Essex County Executive Joseph N. DiVincenzo, Jr. announced that Fitch Ratings has increased Essex County’s long-term bond rating to AA-plus, which is a two-step improvement over the former rating of AA Stable that was assigned in 2013. This is the second positive bond ratings increase that Essex County received this year; in March, Moody’s Investors Services, another financial rating agency, improved Essex’s rating to a Aa2 with a Positive Financial Outlook.


“This two-step ratings upgrade is incredible news for Essex County and validates the conservative budgeting and innovative revenue creation approach we have been following for the past 14 years. My administration has revitalized our parks system, modernized our infrastructure and continued to provide supportive services to our residents, but none of this would be possible if we did not stabilize and strengthen our financial standing,” DiVincenzo said. “The ratings we get from agencies such as Fitch are our financial report cards and demonstrate the confidence that Wall Street has in us. It is also an indication to our residents about the positive direction in which we continue to move. This is great news, but obtaining a triple A rating continues to be my ultimate goal,” he added.


The two-step upgrade reflects “the county’s exceptionally strong gap-closing capacity, stable but slow-growing revenue base, and solid operating performance. The county’s strong financial profile reflects a wealthy property tax base, manageable expenditure growth demands and a demonstrated ability to reduce expenditures during economic downturns,” according to the Fitch release.

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In its report, Fitch states it has confidence in Essex County to continue strengthening its financial standing. “During the most recent downturn, the county demonstrated its ability to reduce spending through cost controls and staff reductions, and Fitch expects management would take similar actions to maintain its strong financial resilience in future downturns,” the report states. While the county funds its budget mostly through property taxes, Fitch credited the county for developing recurring revenue streams, which includes accepting Federal prisoners and immigration detainees at its correctional facility, accepting juvenile detainees from Passaic County at its Juvenile Detention Center and generating revenue from its parks and recreation facilities, which includes Turtle Back Zoo. “The county has entered into shared services agreements with other governmental agencies helping to generate new recurring revenues and also benefits from park and recreation facilities which generate admission and user fees helping offset increases in operating costs,” states the Fitch report.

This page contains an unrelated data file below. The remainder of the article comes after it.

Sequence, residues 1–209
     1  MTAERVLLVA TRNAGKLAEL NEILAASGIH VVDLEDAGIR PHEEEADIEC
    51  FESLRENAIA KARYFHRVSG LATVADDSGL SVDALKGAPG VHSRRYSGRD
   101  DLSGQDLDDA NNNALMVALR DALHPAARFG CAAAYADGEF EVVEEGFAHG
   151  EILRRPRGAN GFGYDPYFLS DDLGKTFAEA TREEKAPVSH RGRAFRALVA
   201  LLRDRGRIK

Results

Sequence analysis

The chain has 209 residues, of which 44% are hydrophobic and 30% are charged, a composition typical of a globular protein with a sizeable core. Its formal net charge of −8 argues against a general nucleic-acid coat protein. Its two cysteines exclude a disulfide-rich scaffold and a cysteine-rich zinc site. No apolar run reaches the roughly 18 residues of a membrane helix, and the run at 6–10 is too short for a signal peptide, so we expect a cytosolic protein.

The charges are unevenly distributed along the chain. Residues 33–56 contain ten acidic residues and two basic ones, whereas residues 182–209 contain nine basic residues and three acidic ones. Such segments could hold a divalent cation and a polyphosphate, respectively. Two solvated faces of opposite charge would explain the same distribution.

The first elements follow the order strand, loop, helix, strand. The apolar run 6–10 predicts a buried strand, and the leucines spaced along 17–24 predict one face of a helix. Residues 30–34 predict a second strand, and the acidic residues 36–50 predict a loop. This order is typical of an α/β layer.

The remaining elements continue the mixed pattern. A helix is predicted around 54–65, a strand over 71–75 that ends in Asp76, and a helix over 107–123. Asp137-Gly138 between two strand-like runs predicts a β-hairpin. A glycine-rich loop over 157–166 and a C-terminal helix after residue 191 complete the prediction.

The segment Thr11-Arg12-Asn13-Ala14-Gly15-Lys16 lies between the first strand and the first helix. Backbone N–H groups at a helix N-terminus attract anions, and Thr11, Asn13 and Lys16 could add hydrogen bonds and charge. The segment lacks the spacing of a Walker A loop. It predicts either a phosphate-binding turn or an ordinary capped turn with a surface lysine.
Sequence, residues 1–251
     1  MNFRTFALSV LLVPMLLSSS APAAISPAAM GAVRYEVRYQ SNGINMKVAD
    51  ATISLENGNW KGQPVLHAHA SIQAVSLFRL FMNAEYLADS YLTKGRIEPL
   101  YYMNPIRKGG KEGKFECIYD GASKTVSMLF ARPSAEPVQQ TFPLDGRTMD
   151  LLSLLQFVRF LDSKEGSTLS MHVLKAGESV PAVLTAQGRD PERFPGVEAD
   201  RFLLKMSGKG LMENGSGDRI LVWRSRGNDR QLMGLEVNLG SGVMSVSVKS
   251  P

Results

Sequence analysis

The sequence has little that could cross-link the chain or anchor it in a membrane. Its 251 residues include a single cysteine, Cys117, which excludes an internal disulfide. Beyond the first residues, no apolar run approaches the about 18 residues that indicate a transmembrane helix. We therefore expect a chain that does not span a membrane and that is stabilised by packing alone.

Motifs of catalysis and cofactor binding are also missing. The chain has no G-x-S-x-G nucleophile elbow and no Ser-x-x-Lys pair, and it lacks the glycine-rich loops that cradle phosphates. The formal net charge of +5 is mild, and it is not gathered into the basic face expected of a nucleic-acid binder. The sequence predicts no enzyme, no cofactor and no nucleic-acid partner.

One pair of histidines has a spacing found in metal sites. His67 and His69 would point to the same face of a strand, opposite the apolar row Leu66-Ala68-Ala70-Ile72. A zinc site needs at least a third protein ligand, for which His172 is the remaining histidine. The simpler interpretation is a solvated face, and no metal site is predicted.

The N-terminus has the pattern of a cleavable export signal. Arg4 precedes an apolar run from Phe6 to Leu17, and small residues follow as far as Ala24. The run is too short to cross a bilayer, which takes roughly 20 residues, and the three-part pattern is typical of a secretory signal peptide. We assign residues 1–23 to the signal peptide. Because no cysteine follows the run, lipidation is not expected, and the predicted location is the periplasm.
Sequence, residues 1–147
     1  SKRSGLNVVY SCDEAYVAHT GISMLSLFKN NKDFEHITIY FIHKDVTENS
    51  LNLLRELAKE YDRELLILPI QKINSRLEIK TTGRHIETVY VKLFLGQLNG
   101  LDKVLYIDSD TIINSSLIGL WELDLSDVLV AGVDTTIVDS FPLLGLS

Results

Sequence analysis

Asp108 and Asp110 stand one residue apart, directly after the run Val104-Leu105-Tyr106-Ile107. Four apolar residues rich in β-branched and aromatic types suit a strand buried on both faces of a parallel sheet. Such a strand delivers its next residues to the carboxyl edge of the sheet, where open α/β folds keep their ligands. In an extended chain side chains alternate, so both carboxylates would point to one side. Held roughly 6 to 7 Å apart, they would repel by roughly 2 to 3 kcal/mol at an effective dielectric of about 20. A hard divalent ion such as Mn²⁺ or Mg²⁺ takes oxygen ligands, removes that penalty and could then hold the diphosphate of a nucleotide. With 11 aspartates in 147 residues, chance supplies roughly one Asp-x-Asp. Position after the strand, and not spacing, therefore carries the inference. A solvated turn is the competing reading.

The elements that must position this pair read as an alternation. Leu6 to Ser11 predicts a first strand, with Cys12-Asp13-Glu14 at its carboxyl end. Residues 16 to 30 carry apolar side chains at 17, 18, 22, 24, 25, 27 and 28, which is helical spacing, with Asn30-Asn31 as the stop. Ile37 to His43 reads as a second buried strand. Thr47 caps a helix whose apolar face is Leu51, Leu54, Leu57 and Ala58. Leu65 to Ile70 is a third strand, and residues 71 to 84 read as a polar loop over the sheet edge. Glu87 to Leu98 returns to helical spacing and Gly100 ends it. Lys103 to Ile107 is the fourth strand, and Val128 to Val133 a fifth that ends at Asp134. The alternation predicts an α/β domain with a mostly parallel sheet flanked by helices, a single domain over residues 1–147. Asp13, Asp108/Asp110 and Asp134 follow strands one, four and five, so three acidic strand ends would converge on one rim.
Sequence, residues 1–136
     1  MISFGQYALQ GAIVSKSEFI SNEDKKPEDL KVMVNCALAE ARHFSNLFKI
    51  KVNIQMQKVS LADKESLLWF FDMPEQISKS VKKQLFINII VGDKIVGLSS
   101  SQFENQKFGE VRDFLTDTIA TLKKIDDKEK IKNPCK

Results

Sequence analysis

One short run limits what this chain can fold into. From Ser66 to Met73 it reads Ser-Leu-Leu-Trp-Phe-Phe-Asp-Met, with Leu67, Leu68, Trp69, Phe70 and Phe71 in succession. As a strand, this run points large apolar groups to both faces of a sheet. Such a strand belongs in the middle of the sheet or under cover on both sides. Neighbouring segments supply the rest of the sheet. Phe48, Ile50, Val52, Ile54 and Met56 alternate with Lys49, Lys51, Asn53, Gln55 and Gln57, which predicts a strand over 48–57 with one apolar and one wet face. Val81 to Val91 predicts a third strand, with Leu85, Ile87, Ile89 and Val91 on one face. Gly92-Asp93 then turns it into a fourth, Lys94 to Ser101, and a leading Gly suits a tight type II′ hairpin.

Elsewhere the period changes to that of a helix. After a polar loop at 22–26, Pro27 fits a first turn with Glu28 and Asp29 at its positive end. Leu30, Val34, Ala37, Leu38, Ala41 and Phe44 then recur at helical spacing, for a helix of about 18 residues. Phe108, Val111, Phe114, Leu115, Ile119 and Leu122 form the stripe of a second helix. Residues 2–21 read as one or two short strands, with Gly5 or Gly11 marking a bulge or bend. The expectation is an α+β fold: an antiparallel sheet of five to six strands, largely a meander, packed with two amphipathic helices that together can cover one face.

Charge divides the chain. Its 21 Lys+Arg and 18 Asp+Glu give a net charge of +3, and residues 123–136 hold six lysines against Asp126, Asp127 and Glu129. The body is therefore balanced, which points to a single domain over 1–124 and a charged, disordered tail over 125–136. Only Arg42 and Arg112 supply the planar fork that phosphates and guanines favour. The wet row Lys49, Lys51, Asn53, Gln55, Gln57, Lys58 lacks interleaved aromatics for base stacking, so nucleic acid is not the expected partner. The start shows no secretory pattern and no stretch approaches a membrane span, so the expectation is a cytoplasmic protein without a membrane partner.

Essex County also maintains a fund balance, which amounts to about $77 million. This fund has helped improve the County’s cash flow and has enabled Essex to discontinue the use of tax anticipation notes since 2014. This practice has saved Essex from paying millions in interest payments and makes its bonds more attractive to private investors.


The rating upgrade was assigned to $107 million of general improvement bonds for Essex County ($24.5 million), the Essex County Vocational Technical School District ($80 million) and Essex County College ($2.5 million). The bonds are scheduled to be sold on or about September 1st and are being used for various capital improvements.


When DiVincenzo took office, Essex County had a $64 million budget deficit and nothing in its fund balance. After his first four years in office, DiVincenzo built the fund balance to $35 million in 2007. When the recession hit, the money from the fund balance enabled DiVincenzo to avoid layoffs and reductions in services and programs without substantially raising taxes. Since then, the fund balance has been rebuilt to $77 million entering 2016.


Another fiscal initiative that has helped restore the confidence of Wall Street in Essex County is a comprehensive debt restructuring that occurred in 2007. Essex took advantage of low interest rates to refinance its existing debt without extending the deadline to pay off the debt. In addition, it set a policy to not exceed a total of $20 million in annual capital spending for Essex County.


Before DiVincenzo took office, Moody’s had downgraded Essex County’s bond rating to Baa2 with a Stable Financial Outlook in November 2002 and threatened to downgrade the bond rating again. By 2005, the County’s bond rating had climbed to an A rating with a Positive Financial Outlook, which was its highest rating since 1994.